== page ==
Paper No. 132-0
SPECTRAL-COMPOSITIONAL PROPERTIES OF IRON-BEARING SHEET SILICATES: REMOTE SENSING IMPLICATIONS
CLOUTIS, Edward A.1, ASHER, Pranoti M.2, MARCINO, D.1, STRONG, J.3, RUSSELL, B.1, and GOLTZ, D.3, (1) Department of Geography, University of Winnipeg, 515 Portage Ave, Winnipeg, MB R3B 2E9, Canada, e.cloutis@uwinnipeg.ca, (2) Department of Geology and Geography, Georgia Southern Univ, Box 8149, Statesboro, GA 30460-8149, pasher@gasou.edu, (3) Department of Chemistry, University of Winnipeg, 515 Portage Ave, Winnipeg, MB R3B 2E9, Canada

The spectral reflectance properties of a number of iron-bearing sheet silicate species were examined to develop quantitative relationships between composition and structure, and reflectance spectra. Because such minerals are potentially a volatile sink on Mars, the results of our study will yield information on the geologic history of surface minerals on Mars and certain groups of asteroids, through the identification of types, abundance, and composition of iron-bearing sheet silicate minerals.

A range of iron-bearing sheet silicate minerals have been analyzed via reflectance spectroscopy, XRF, wet chemistry, atomic absorption spectroscopy, X-ray diffraction, and thermal analysis. The reflectance spectra of some of these minerals exhibit a number of absorption features in the 0.3-1.2 Ám region, including berthierine, chamosite, cronstedtite, glauconite, saponite, serpentine, and vermiculite.

Berthierine exhibits a band at 0.35Ám, which is probably a metal-O charge transfer. The serpentine spectra show a narrow absorption band near 0.38Ám, which is attributed to ferric iron. Serpentine, cronstedtite and glauconite exhibit an absorption feature at 0.43Ám attributed to 6 A11 ->4T 1,4E(G) Fe 3+ spin-forbidden crystal field transition, which becomes increasingly intense with increasing Mn content. Berthierine, chamosite, saponite, and glauconite share an inflection point near 0.48Ám, which is due to a ferric-ferrous intervalence charge transfer transition (IVCT). In the saponite spectra, the slight inflection found at 0.54 Ám is also credited to IVCT. The feature located at 0.65Ám in the serpentine spectra is caused by transitions within Fe2+ ions. The absorptions at 0.7Ám in berthierine, 0.75Ám in cronstedtite, and 0.7 and 0.75Ám in the glauconite spectra, are all attributed to a Fe2+->Fe3+ charge transfer transition. At 0.67Ám in the saponite spectra, there is an inflection which has been attributed to a 6 A11 ->4T 2,4E(G) Fe3+ charge transfer transition. Absorption features in chamosite at 0.72Ám and cronstedtite at 0.82Ám are both attributed to the ferric-ferrous intervalence charge transfers.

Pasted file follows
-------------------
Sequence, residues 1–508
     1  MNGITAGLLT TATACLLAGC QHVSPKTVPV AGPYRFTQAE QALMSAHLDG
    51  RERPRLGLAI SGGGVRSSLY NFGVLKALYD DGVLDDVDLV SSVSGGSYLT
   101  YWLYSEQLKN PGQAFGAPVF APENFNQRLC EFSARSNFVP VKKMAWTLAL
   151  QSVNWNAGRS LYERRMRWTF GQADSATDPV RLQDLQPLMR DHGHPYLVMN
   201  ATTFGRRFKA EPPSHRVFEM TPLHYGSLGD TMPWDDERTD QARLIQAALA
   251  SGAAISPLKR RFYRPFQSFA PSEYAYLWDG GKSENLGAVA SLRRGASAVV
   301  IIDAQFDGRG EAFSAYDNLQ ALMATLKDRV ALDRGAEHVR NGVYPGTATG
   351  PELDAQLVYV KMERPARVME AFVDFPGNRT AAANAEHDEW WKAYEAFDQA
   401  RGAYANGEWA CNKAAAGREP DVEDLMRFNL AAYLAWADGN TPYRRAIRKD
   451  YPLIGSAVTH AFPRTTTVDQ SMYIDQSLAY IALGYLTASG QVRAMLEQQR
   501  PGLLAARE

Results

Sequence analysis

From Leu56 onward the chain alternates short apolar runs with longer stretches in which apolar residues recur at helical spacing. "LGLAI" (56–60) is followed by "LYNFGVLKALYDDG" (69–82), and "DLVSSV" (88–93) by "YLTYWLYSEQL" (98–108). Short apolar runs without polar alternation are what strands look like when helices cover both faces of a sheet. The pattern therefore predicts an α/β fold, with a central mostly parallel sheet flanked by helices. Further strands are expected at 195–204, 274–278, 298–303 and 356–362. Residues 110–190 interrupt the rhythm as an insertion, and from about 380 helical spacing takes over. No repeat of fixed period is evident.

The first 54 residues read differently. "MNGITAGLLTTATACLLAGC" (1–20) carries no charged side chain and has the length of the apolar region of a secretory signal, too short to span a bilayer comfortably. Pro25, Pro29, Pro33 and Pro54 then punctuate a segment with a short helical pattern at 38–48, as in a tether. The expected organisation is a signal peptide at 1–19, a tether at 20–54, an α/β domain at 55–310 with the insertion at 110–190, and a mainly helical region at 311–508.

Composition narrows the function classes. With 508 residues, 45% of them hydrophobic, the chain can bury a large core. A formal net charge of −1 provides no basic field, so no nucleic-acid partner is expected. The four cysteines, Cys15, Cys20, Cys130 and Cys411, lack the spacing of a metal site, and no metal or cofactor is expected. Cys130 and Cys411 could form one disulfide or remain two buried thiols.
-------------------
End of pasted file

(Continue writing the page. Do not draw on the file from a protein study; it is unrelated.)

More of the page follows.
The 0.43 and 0.7Ám bands seen in many dark asteroid spectra (Jarvis et al., 2000) are also seen in the reflectance spectra of a number of our samples, including berthierine, cronstedtite, glauconite, and serpentine. It should be noted that no single sheet silicate in this study exhibits every feature found in the asteroid spectra. The wavelength position of specific absorption bands due to various electronic transitions varies between different mineral species. Therefore we should be able to narrow down the range of possible sheet silicate minerals present on the surface of asteroids on the basis of absorption band wavelength positions. Iron-bearing sheet silicates exhibit a large number of absorption features attributable to both ferrous and ferric iron. As the wavelength positions of these bands vary from species to species, they are potentially diagnostic for remote sensing detection of specific, iron-bearing sheet silicate minerals on Mars and asteroids.

GSA Annual Meeting, November 5-8, 2001
General Information for this Meeting
Session No. 132--Booth# 13
Planetary Geology (Posters)
Hynes Convention Center: Hall D
1:30 PM-5:30 PM, Wednesday, November 7, 2001
 

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